Butler County, Pa., was the early tramping ground of our subject, where his birth took place April 20, 1816. His father, James DUNLAP, was of Scotch-Irish ancestry, and emigrated from County Derry, Ireland, in early manhood, settling in the Keystone State, where he carried on farming until his death. The mother, whose maiden name was Dorcas KILBRITH, was born in Pennsylvania, her parents being among the earliest settlers of that region. She was of English decent. The parental family consisted of ten children: Sarah, the first born, died young, and the second, also named Sarah, died when about sixty years old; William and Dorcas died in Butler County, Pa.; Nancy, Mrs. John SUPPLE died in Turmbull County, Ohio; James carried on farming for a time in Rochester, Ind., but is now deceased; Rebecca was the wife of Nathan OFFUTT, and is deceased; Elizabeth married Samuel DAVIS, and they located in Missouri, but are both now deceased. John of our sketch was the youngest child.
Our subject when a youth of sixteen years left the parental roof, and by the death of his father, which occurred the previous year, was thrown upon his own resources. He managed to attend the district school for a time, and about 1832 emigrated to the then little town of Warren, Trumbull Co., Ohio, where he learned the trade of carpenter, which he followed thereafter at intervals for a period of thirty years. After coming to this State he located first in Bronson, Branch County, and subsequently erected what was known as Rose Tavern. That same season he put up a sawmill, which long ago gave place to the present old Greeley mill.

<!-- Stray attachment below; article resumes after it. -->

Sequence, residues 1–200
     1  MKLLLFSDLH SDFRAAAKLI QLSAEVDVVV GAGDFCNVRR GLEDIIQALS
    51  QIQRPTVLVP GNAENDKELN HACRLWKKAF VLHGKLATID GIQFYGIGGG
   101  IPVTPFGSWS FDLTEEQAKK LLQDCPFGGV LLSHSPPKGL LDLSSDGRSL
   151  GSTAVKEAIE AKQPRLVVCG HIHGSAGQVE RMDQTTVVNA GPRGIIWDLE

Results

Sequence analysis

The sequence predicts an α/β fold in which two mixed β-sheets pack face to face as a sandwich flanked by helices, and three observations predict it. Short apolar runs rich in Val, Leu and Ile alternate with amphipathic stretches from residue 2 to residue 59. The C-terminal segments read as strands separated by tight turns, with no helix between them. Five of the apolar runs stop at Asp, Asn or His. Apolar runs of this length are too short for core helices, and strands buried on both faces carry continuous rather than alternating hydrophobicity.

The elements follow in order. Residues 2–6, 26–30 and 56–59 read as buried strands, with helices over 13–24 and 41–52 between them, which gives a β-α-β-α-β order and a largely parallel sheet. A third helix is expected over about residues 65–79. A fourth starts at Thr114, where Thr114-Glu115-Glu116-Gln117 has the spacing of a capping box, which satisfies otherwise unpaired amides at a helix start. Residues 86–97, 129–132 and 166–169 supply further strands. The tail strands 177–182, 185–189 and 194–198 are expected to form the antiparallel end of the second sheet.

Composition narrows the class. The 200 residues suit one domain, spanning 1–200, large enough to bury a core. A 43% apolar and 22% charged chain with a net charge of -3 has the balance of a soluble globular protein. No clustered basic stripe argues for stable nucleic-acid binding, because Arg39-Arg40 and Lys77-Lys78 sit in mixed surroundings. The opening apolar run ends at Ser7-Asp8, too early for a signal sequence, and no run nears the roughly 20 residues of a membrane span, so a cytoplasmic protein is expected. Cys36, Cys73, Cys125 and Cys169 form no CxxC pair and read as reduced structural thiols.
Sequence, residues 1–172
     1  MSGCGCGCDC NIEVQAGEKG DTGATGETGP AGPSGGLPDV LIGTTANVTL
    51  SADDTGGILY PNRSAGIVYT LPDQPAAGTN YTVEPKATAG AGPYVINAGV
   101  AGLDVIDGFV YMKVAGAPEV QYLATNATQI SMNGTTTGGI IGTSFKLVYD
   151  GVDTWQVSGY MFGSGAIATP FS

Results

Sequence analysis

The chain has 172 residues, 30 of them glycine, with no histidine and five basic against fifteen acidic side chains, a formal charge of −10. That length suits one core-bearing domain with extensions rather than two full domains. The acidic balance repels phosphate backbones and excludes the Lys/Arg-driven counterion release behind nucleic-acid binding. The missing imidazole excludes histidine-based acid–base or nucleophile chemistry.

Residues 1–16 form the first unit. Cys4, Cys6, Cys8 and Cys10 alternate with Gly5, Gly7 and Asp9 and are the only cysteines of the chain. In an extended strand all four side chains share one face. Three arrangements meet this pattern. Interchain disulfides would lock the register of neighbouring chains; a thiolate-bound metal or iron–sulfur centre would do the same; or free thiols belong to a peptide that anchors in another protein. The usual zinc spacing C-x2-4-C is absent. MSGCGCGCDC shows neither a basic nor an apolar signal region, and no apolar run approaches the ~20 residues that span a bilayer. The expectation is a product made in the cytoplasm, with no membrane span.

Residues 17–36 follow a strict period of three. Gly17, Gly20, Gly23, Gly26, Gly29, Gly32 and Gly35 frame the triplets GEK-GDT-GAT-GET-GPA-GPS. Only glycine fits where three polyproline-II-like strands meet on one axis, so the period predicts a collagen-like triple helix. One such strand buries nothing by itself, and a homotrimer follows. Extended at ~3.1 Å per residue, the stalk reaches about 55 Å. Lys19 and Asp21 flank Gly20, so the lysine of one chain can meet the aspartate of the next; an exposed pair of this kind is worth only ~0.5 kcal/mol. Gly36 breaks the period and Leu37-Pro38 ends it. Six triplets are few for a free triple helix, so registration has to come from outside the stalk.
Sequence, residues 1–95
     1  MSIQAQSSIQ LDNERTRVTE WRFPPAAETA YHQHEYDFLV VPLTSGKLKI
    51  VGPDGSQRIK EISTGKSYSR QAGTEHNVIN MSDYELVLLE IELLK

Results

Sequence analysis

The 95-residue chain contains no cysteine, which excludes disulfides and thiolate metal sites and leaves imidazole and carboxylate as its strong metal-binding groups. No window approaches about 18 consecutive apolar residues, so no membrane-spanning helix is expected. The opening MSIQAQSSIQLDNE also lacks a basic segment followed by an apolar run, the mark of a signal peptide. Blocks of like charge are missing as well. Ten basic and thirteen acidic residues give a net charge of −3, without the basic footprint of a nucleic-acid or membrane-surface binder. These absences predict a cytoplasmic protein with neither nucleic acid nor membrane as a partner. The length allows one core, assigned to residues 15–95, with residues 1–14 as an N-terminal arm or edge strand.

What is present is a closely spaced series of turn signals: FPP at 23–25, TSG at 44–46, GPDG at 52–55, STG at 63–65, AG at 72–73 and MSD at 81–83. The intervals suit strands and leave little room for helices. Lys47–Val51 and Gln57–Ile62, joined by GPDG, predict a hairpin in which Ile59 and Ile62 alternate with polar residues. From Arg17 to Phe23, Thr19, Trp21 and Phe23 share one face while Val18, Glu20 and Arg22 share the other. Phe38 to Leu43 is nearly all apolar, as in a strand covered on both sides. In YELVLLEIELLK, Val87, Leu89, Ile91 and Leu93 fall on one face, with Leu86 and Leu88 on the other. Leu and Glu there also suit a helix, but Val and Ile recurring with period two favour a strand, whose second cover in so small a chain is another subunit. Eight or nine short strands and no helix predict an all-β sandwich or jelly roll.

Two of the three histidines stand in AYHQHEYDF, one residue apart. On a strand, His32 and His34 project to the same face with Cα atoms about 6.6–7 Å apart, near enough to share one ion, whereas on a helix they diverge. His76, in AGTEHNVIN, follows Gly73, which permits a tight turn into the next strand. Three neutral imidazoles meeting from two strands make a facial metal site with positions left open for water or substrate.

Mr. DUNLAP was uniformly successful in his labors, and in his vocation as carpenter handled large contracts. From 1844 to 1850 he was in the employ of the Michigan Southern Railroad Company building and sub-contracting for the erection of station houses all along the line. These contracts he executed with dispatch and profit. About 1838 he located on a piece of heavily timbered land in Bethel, now Branch County, securing 150 acres. By the exercise of untiring industry and the perseverance that would admit no such word as fail, he cleared ninety acres of this, felling the trees, removing every stump, and transforming the land into a fine prairie farm.